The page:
The Guild stalwart can't help it; she's one of the bossesO
NCE YOU LEARN the words to “Solidarity Forever,” she wrote, it's hard to get them out of your head. With that, our beloved Stephanie Salter concluded yet another column. But not in San Francisco. Not since 2003.
Back home in Indiana, she wrote: “My heart is a union heart. My head remembers why unions ever formed and grew in this country.” It was her way of announcing the unthinkable. She had just resigned from the Newspaper Guild, her union at the Terre Haute Tribune-Star. She’s now in (shudder) management.
It’s been her newspaper since 2003. That was the year the Chronicle inexplicably dropped her column. Liberal, sensible and eloquent, she had enlivened the San Francisco paper’s once-moribund op-ed page for nearly three years. She came over to the morning paper when it was sold in 2000 to the Hearst Corp., which kept the Examiner staff but sold the nameplate to the Fangs.
Although then-publisher John Oppedahl called her “top talent” at the time of the merger, he killed her column three years later because it didn’t “resonate” with him. Oppedahl, who ranks just below Reg Murphy in the Gazoot Gazette Pantheon of Publisher Fizzles, was kicked out himself just six months later. (Oppedahl resonates these days as a glib “consultant” in Arizona, telling an association of editorial writers last year that they should have “a singular reputation in the community for fostering democracy’s debate.”)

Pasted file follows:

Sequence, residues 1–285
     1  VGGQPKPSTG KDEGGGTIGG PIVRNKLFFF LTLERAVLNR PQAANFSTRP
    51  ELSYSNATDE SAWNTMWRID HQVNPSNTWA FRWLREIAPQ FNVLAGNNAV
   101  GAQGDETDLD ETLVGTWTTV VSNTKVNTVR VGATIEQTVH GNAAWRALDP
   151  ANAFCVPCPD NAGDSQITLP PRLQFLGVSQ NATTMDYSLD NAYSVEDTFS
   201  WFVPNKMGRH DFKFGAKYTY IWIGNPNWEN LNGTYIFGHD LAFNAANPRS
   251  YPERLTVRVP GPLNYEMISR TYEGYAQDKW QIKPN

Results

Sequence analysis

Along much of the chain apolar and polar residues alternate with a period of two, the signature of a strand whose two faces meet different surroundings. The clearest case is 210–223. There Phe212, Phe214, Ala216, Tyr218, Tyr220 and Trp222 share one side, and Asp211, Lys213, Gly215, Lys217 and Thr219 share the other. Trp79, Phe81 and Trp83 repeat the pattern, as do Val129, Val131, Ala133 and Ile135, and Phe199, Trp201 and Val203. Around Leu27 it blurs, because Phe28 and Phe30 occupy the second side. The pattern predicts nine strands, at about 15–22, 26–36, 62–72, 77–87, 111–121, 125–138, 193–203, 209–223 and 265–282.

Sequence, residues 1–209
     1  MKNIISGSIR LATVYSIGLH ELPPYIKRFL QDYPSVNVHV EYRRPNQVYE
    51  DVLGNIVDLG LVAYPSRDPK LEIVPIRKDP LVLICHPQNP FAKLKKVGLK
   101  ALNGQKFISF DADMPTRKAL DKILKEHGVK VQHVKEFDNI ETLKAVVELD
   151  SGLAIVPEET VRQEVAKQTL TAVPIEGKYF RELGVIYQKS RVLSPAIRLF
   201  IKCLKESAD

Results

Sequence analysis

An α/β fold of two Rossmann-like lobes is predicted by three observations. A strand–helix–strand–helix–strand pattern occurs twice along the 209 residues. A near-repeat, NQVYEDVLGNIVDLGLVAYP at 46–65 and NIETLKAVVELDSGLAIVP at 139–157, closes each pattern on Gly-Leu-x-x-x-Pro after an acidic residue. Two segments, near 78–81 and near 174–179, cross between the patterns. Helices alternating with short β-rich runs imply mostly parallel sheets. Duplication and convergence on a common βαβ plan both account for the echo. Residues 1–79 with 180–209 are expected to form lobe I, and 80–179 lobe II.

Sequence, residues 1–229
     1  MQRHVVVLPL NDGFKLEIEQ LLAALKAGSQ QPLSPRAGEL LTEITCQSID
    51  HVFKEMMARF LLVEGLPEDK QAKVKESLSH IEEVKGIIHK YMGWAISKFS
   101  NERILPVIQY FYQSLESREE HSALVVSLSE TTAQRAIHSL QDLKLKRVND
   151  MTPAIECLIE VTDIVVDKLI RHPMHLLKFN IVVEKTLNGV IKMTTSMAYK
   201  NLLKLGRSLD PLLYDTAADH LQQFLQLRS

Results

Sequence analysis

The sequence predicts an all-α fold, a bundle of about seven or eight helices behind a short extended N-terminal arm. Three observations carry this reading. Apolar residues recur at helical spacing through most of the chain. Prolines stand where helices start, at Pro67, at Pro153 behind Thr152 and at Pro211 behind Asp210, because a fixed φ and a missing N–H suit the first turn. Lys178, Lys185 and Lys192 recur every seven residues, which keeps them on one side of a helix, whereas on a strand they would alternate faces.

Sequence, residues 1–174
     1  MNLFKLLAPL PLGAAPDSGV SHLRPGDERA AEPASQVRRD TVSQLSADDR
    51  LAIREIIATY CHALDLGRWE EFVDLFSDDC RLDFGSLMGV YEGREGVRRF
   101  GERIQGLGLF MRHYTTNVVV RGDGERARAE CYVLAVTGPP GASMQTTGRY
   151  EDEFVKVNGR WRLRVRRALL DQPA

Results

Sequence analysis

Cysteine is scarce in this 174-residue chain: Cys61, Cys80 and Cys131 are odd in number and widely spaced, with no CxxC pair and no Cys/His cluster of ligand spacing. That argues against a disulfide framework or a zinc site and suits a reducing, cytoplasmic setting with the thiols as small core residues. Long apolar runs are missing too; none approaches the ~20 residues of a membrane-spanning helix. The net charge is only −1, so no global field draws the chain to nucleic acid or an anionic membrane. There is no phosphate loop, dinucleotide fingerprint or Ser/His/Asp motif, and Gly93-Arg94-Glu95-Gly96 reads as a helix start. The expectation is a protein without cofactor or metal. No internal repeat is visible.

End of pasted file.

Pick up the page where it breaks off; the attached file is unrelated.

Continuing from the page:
It’s okay to laugh. ><
WHEN Stephanie was resonated off the op-ed page, democracy’s debate was fostered by hundreds of subscribers.
They shouted their dismay from the Fifth Street sidewalk in a futile protest of Oppedahl’s edict and the supine silence of Stephanie’s alleged friend, Phil Bronstein, then the Chronicle editor.
The newspaper's management bigwigs stared at the shouting Stephanie fans. The were overheard to say, fearlessly, they would not bend to pressure by demonstrators. Really. They said that. (Except for Phil, who was kicked downstairs, not one of them is still at the paper.)
Stephanie, relegated to feature writing, soon quit the Chronicle. She found someone to rent her home in Bernal Heights. Then she left for he banks of the Wabash far away, to Terre Haute, her home town, to help care for her dying father.
She stayed to take a job at the 34,000-circulation Star Tribune. After all, the Lyric Opera of Chicago is only a few hours away. ><I
N HER management job, as “assistant editor for opinion and commentary,” she also oversees the community and obituary desks. She writes editorials and two columns a week. Her opinions are not exactly commonplace in Community Media Holdings Inc., the empire that includes the Trib-Star. It’s a chain of more than 200 small-town dailies, mostly in the South and Southwest, with headquarters in Birmingham, Ala.
Although Indiana is a so-called red state where “Hoosier” is rarely coupled with “liberal,” Terre Haute is a blue-collar city of 60,000 with plenty of college students, Democrats and unions (it was the home town of Eugene Debs). Stephanie fits right in, but she misses the San Francisco Opera and, presumably, the opportunity to sing "Solidarity Forever." - Lynn Ludlow
The Geezer Gazoot